Peer-to-peer systems consist of hundreds to millions of computers, which work together to solve a common problem. In contrast to their more common client-server counterparts, peer-to-peer algorithms try to exploit the resources of all participants. The potential advantage to this approach is improved reliability, scalability, and load balance. Applications for these systems are still emerging, but notoriously include file distribution, wireless sensor networks, and keyword search.
Fundamentally, a distributed system of cooperating computers must implement some policy for organizing the group. The BubbleStorm approach is to use randomized processes to probabilistically organize the participants. Peers in the system follow simple, local-only rules about who they talk to and when. These rules are chosen so that the emergent system behaviour can be used to solve useful problems. The correct output of the system can then be modelled as a random event in a Markov process. As peer-to-peer systems are already so large as to practically guarantee that some components fail, probabilistic correctness and availability guarantees seem reasonable.
A network topology describes how the cooperating computers interact. Many modern peer-to-peer systems implement a so-called distributed hash table (DHT) interface. Typically they view the network as a superposition of routing trees, one for each participant. Unfortunately, due to the dynamic nature of the system, these trees often become disconnected, compromising the correctness. Participants in DHTs are also usually given more-or-less equal roles; it is difficult to leverage heterogeneity (participants with different resources). Naturally, DHTs apply many heuristics to solving these problems, but no existing DHT systems provides even probabilistic guarantees.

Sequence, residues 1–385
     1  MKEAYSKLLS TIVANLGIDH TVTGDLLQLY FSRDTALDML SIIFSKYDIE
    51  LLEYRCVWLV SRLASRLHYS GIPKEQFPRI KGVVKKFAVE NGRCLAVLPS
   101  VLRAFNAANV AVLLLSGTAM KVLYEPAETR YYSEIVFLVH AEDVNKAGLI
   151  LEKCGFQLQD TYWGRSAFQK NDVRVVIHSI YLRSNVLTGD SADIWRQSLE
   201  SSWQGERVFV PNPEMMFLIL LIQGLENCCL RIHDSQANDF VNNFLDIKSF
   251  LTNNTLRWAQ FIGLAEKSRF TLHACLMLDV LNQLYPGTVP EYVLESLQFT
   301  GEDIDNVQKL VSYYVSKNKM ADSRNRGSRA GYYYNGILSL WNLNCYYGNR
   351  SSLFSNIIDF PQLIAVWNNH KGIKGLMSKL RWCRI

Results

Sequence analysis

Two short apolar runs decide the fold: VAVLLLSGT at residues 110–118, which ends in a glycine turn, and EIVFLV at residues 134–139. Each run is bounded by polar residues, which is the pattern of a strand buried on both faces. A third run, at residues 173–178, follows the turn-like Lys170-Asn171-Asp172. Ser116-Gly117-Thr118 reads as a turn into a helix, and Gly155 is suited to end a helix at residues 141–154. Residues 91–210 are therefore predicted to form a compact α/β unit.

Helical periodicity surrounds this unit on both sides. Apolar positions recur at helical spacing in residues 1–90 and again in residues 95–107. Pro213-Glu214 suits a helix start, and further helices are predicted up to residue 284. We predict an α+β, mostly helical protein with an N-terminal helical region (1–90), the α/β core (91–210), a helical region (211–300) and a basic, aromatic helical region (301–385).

The BubbleStorm topology consists instead of a random, fixed degree sequence graph. In such a topology, every participant decides on his degree (number of people to talk to) and chooses that many neighbours uniformly at random. As there is no need to maintain a particular tree shape, the topology can easily cope with component failure by reconnecting to different participants. Due to a well-known theorem about random walks, each participant receives work proportional to his degree, allowing a natural load balancing for heterogeneous systems. For these reasons, BubbleStorm delivers better on the peer-to-peer promise of reliability and load balance.
Example propagation of a blue and green message till intersection
Naturally, a peer-to-peer system must ultimately solve its problem. High-level problems are often posed as publish-subscribe and query-document. DHTs implement these high-level problems by forcing them into a key-value abstraction. BubbleStorm solves them directly by blowing bubbles (range limited flooding), one bubble for each publication (or document) and another for each subscription (or query). The advantage to the BubbleStorm approach is that no restrictions are placed on the query language. As DHTs must use the hash table interface, this restricts the subscription language to so-called 'topics'. Attempts to apply DHTs to keyword search are also problematic it does not easily fit into the key-value abstraction. All the participants within a bubble receive the document meta-data or query. Any participant in both bubbles can answer the query for that document directly, regardless of the query language.